It should not be surprising that Toyota’s Lexus luxury brand is still keen on hybrids.
Toyota hybrids have sold more than any other car manufacturers, with luxury cars selling Lexus brand totaling more than 10 million.
This trend will continue with the 2018 Lexus LS 500 h, the brand’s flagship sedan hybrid version, next month will also be launched at the 2017 Geneva Motor Show.
The hybrid will re-design the second power system to select LS, which was released at the Detroit Auto Show in January 2017.
The other is a 3.5-liter twin-turbo v6 engine in the 500 LS model, mating in a ten-speed car out of control automatic transmission.
Lexus did not provide any details of the 2018 LS 500 h hybrid system, releasing only one photo of the sedan, which is distinguished by its different types of models mainly related to inscribed.
The previous-generation LS 600h hybrid model used a 5.0-liter V-8 engine and a version of the Toyota Hybrid Synergy Drive system, with all-wheel drive.
Given that Lexus is downsizing from a V-8 to a V-6 in the non-hybrid LS 500 model, it seems entirely possible that the hybrid will use a smaller gasoline engine as well.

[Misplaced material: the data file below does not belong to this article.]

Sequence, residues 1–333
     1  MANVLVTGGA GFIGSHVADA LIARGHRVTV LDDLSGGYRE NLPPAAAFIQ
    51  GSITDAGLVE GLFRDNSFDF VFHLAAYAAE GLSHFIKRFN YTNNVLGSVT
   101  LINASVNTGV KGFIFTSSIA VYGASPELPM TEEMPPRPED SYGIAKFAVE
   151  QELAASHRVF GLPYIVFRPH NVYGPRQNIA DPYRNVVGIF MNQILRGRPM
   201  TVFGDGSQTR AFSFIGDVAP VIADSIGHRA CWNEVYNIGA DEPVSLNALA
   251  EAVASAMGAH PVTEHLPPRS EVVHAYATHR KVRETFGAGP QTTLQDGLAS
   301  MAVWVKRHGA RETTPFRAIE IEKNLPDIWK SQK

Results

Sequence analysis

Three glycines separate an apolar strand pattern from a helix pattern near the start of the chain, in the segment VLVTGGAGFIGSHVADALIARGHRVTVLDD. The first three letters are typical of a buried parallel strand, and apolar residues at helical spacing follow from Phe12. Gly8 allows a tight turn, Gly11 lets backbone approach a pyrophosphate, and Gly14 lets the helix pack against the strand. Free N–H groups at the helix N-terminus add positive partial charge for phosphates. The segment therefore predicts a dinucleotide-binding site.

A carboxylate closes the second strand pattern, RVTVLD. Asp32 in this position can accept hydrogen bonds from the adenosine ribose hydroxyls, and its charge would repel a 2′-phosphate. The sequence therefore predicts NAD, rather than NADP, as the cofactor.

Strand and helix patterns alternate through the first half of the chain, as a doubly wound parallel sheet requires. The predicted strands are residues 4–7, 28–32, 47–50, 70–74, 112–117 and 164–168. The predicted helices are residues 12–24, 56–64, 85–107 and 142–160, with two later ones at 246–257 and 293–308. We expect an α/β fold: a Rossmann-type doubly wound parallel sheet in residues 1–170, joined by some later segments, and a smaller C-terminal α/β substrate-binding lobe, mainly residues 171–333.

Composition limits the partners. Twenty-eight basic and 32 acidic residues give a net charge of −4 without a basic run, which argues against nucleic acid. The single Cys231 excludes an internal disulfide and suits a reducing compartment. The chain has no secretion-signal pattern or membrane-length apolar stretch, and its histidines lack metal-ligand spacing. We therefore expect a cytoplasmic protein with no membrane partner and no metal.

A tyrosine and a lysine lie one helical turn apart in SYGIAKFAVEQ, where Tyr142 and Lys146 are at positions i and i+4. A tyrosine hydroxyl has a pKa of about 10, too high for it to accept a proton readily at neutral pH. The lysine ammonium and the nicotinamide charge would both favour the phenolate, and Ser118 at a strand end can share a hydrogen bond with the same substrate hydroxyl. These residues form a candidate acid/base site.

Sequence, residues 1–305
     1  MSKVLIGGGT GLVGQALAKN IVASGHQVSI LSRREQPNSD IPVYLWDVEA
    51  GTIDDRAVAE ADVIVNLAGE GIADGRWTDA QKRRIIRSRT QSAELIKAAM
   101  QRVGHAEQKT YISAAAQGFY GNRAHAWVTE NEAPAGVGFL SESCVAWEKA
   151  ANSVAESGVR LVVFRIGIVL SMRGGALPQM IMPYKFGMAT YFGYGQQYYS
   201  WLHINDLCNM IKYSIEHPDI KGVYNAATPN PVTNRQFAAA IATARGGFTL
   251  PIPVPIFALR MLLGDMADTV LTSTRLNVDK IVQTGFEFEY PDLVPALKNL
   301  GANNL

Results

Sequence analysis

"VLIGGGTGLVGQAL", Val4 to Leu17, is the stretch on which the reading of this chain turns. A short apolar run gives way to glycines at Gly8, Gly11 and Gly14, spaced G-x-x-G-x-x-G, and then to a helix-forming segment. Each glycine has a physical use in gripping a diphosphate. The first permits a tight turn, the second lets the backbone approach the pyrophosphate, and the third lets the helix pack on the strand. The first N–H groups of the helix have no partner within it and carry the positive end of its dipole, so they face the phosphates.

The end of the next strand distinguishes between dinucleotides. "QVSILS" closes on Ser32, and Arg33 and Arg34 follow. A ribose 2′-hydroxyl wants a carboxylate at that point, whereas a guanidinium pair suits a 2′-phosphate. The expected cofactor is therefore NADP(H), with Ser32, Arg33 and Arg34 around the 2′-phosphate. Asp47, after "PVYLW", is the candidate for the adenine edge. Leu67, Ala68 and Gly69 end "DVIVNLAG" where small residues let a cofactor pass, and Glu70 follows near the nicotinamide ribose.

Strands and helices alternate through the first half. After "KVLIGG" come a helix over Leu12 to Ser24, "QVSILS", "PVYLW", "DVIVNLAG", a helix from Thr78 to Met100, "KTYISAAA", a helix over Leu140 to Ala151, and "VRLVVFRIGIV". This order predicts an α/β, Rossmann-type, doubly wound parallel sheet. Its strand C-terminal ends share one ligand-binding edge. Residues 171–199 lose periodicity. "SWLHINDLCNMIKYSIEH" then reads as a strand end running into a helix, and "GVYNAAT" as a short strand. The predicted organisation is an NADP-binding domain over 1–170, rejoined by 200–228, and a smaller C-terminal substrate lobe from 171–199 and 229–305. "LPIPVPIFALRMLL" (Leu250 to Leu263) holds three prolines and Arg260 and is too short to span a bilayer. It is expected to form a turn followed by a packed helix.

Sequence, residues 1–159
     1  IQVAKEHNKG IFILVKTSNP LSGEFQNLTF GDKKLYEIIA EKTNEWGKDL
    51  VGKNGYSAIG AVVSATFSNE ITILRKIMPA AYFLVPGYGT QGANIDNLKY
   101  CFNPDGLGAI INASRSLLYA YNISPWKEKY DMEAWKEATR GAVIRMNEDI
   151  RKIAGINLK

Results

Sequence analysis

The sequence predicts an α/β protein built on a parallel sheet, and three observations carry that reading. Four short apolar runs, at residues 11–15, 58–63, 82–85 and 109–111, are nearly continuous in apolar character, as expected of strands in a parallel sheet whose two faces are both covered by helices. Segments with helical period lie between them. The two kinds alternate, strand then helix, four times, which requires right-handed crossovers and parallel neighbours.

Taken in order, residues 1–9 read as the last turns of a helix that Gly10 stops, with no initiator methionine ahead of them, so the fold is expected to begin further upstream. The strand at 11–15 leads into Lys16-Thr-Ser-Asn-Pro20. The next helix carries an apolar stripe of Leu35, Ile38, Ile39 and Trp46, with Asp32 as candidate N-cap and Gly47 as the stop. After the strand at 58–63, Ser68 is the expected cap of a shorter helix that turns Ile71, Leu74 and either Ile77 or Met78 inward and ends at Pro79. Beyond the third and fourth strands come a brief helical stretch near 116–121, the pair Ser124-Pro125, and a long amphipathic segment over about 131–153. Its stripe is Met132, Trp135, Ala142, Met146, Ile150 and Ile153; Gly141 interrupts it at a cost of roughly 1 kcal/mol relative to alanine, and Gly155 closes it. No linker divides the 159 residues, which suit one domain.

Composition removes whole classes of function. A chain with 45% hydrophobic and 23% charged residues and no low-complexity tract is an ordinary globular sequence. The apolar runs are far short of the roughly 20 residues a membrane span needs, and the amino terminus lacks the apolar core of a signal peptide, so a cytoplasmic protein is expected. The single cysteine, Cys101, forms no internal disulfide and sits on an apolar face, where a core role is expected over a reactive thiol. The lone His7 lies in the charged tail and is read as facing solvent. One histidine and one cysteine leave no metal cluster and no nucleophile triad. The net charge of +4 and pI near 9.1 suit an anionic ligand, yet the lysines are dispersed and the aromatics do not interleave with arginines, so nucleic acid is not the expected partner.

That might at least help the new model return better fuel economy than its predecessor, which was more focused on power output, and sold in very small numbers.
One possibility is that Lexus will adapt the powertrain from its other new high-end hybrid, the LC 500h coupe.
That model uses a new “Multi Stage Hybrid System” that combines a traditional hybrid powertrain—based around a 3.5-liter V-6—with a 4-speed automatic transmission.
The geared automatic transmission was added to give the LC 500h a sportier and more engaging driving experience, according to Lexus.
It is unclear if such a feature will be used in the LS 500 h, which may be the pursuit of a more stable, more leisurely luxury car feel.
Previous reports also point out that Lexus is considering a hydrogen fuel cell vehicle that may be based on LS, launched around 2020.
The car may be launched with the 2020 Olympic Games, which will be held in other venues in Tokyo and Japan.
Toyota Lexus parents have been one of the strongest supporters of fuel cell vehicles and see this as a better choice for battery-powered cars pursued by other carmakers.
But Toyota now eases its view and plans its own battery powered car.